Tanzania to start major port construction in 2015

Tanzania's President Jakaya Kikwete (L) and Chinese President Xi Jinping (R) shake hands during a signing ceremony in Beijing on October 24, 2014 (AFP Photo/Takaki Yajima)

Dar es Salaam (AFP) - Tanzania will launch construction of a major Chinese-funded sea port in 2015 to boost the trading capacity of the east African nation, a presidential statement read.

The planned Indian Ocean port at the small town of Bagamoyo is some 75 kilometres (45 miles) north of Tanzania's economic capital and main port Dar es Salaam.

The announcement late Monday followed the signing of deals in China, where President Jakaya Kikwete visited Sunday.

"We will do whatever is possible to ensure the project is carried out and completed, because of its great economic benefits for the entire country," Kikwete said in a statement, adding that construction would start in July.

Dar es Salaam currently handles over 90 percent of Tanzania's imports and exports totalling more than 10 million tonnes of cargo a year, according to the African Development Bank (AfDB).

But with container traffic expected to grow at more than 10 percent a year and the port already outdated and overstretched according to the AfDB, the new site at Bagamayo is key for expansion and keeping transport costs down.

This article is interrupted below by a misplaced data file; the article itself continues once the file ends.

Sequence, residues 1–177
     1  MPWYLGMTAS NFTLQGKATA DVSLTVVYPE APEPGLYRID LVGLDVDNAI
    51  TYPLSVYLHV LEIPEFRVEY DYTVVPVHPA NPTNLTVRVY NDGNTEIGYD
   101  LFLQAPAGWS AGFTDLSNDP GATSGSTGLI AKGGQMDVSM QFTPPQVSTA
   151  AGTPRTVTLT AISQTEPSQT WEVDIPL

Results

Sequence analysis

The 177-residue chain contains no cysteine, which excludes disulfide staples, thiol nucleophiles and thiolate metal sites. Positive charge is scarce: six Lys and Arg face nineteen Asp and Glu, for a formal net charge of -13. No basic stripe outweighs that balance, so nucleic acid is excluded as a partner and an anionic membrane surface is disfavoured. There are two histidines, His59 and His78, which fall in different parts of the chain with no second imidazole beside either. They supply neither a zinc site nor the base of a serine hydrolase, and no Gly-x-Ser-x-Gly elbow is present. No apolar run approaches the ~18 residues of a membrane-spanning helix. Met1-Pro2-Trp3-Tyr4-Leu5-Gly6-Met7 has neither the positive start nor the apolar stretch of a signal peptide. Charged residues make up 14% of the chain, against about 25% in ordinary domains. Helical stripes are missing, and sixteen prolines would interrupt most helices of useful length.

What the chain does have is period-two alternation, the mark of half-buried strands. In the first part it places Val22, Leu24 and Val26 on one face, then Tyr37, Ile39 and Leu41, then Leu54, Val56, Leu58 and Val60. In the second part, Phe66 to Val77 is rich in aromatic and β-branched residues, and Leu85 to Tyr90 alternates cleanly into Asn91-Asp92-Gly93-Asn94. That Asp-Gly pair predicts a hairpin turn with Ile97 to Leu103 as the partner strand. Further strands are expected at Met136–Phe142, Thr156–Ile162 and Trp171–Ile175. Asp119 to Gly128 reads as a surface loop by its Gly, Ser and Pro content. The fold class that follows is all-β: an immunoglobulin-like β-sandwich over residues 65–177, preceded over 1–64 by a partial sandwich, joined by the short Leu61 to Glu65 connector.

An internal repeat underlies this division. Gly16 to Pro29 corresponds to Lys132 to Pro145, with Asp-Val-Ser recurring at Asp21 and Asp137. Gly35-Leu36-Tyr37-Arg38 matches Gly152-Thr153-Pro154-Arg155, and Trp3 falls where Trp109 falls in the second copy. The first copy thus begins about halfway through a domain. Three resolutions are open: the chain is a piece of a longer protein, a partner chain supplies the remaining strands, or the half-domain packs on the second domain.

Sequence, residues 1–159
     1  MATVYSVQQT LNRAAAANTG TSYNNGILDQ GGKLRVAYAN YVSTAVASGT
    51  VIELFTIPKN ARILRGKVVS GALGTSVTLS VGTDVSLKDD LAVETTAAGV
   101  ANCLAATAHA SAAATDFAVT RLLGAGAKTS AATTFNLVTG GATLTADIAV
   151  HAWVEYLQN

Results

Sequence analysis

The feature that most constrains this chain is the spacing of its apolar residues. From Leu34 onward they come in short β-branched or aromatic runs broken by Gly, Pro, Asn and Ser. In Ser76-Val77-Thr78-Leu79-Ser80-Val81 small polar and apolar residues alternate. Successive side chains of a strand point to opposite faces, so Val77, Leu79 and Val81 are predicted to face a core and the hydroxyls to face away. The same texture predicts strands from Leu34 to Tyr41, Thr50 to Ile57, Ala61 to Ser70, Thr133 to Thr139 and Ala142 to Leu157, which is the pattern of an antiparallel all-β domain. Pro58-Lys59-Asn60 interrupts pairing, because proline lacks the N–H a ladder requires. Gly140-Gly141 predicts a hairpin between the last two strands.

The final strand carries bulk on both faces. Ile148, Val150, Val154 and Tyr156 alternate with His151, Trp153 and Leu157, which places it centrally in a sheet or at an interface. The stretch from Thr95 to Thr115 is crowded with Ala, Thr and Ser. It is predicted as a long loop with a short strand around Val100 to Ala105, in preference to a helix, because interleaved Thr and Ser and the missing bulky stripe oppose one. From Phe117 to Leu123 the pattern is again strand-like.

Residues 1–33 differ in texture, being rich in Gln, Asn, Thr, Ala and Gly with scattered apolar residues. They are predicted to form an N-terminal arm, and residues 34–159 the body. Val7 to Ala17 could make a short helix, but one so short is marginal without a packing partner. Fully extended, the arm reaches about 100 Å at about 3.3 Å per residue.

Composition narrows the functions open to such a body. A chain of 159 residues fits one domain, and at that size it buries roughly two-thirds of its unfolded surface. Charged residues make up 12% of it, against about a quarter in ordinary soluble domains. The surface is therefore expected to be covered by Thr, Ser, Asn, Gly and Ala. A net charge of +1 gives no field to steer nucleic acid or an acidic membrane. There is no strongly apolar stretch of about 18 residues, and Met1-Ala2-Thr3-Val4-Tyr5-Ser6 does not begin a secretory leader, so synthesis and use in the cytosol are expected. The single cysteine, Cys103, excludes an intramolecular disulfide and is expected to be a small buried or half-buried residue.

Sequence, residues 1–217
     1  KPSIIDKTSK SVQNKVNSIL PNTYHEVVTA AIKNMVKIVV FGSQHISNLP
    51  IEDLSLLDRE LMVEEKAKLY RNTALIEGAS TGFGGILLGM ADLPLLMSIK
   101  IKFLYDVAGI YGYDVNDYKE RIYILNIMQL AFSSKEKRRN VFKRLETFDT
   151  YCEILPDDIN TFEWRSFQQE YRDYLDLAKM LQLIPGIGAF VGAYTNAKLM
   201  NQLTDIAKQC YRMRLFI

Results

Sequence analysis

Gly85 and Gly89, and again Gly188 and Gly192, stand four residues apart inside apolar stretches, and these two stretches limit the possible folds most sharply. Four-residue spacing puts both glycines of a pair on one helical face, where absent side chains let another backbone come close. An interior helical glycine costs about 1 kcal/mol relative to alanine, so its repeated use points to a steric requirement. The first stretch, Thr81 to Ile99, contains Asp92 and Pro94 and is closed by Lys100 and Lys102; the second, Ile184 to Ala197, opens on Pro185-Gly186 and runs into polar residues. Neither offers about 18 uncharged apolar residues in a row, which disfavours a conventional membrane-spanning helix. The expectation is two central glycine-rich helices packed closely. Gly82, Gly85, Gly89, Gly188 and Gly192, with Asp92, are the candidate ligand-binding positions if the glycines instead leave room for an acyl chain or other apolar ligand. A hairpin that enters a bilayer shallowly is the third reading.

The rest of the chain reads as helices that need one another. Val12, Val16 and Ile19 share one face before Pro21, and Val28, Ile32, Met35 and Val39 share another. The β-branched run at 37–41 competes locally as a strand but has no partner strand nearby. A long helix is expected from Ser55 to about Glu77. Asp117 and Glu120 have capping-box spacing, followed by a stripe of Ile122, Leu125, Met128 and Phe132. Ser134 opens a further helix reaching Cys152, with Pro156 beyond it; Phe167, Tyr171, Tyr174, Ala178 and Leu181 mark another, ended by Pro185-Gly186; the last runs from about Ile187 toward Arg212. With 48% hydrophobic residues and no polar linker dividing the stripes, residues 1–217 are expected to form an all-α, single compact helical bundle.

Tanzania has signed deals for the port with China Merchant Holding International and Oman's State General Reserve Fund.

As well as domestic use, Bagamoyo is expected to serve landlocked regional nations including Burundi, the Democratic Republic of Congo, Rwanda, Malawi, Uganda and Zambia.

The project is also expected to involve a special economic zone as well as connections to Tanzania's railway network.

The port would rival Mombasa in neighbouring Kenya, currently east Africa's main marine hub, as well as a planned new port at Lamu, in the northeast.

The $24 billion (18 billion euro) Lamu port project, due to be finished by 2030, includes oil pipelines to South Sudan and railways to Ethiopia and Uganda.

Tanzania's economy, which largely depends on agriculture, saw seven percent growth in gross domestic product last year, boosted by gold exports and tourism.

The government hopes large gas and coal finds will help grow the economy.

But the government is dogged by allegations of corruption, almost a third of the country lives below the poverty line and foreign aid remains vital.

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